“How you get business graduates to understand societal risk in a more sophisticated and holistic way is something business schools will have to navigate” Steve says. “The focus on sustainability is vital, but it will always run in the background. Teaching students how to be resilient to instability across all sectors will be top of business school’s agendas”.
And understanding societal risk can’t just be taught, it must also be justified by scientific research. This is where the University of Sussex Business School excels. In fact, at Sussex, they have led the way on sustainability research since the 1960s – trailblazers on an issue long before it even was, well, an ‘issue’.
“One of our core benefits is our science base here, and as a result of this we attract students from all corners of the globe” Steve shares. A prime example of their scientific distinction is their world-leading Science Policy Research Unit, or ‘SPRU’ as it is widely recognised.
Notably, the University of Sussex has also launched its own sustainability strategy to be one of the most sustainable universities in the world. Sussex was recently ranked among the top 50 global universities for delivering on the United Nations Sustainable Development Goals. The University is also proud to be ranked joint 37th in the Times Higher Education (THE) World Impact Rankings 2022 out of more than 1,400 institutions. This means that the University is the seventh highest-performing institution in the UK.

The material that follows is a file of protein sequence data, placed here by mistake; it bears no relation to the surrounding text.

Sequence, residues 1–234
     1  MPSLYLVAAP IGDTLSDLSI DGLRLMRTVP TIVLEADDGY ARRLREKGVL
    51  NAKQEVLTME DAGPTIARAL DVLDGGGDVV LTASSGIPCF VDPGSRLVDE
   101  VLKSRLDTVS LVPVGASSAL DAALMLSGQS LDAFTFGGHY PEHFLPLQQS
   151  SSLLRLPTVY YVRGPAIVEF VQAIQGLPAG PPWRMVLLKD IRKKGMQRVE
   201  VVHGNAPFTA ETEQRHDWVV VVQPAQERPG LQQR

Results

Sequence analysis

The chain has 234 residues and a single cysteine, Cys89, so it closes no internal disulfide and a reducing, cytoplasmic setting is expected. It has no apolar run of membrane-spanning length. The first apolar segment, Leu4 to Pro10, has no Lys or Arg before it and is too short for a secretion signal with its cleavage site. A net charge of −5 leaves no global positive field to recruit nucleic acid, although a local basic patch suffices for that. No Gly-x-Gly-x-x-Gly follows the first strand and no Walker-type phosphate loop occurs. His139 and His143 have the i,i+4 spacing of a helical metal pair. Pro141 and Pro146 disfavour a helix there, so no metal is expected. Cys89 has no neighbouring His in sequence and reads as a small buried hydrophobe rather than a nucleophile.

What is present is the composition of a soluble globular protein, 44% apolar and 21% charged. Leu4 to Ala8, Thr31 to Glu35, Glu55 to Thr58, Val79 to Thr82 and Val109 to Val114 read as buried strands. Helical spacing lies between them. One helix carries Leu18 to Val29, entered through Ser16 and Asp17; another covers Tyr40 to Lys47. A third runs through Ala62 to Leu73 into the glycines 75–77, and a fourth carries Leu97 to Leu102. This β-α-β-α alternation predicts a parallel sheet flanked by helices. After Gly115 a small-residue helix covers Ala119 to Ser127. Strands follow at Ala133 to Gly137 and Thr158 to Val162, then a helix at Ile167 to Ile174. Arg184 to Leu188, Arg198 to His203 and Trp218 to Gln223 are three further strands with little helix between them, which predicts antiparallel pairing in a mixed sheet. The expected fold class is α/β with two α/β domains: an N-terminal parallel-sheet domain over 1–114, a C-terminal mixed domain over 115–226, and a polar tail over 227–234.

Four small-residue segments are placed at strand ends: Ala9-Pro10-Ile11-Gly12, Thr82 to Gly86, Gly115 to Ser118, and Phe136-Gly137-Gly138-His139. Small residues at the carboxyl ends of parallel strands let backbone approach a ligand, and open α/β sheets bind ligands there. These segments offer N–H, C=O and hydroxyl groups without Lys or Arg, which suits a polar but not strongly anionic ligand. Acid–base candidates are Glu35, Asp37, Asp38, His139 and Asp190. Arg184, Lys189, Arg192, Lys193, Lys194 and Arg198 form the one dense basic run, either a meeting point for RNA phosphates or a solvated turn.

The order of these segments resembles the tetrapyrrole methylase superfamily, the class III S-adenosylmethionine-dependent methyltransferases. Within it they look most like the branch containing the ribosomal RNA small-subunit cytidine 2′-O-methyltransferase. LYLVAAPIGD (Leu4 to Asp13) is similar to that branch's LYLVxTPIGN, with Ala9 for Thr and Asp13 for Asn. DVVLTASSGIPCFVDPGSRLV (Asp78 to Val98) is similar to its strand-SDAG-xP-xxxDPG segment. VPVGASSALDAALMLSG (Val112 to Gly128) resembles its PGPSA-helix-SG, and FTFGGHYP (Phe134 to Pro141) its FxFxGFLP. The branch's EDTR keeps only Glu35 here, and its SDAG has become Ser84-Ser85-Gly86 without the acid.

Throughout Steve’s career, he has witnessed much uncertainty. As well as the pandemic bringing about permanent changes to the global education markets, geopolitical tensions are also bringing new challenges. However, pragmatic in nature and hopeful in spirit, Steve shares that business schools need to keep up-to-date of what is happening in the world and adjust their strategies accordingly for the benefit of their students and wider communities.
“When faced with uncertainty and challenges out of our control, you have to adapt, and think of new ways to function” Steve says. “We can always prepare, but it’s important to also take situations as they come. Learn from previous lessons, alter your methods, and move on”.
This is a notion that Steve has, and continues to instil within the University of Sussex Business School community. Encouraging today’s generation of students to think carefully about their choices and to give them a sense of purpose beyond salary is no easy feat, particularly against the current political, economic, and societal issues we continue to face.
However, students must not be despondent. For graduates, it is important to note that business environments have come a long way over the past 25 years, and the evolution of organisations awareness around topics relating to EDI, the environment, and their overall care and empathy for their employees has improved dramatically, Steve shares.
“Pursue the things that you’d like to do, and everything will emanate from there” Steve says. “Be confident, the world may be more receptive than you think”.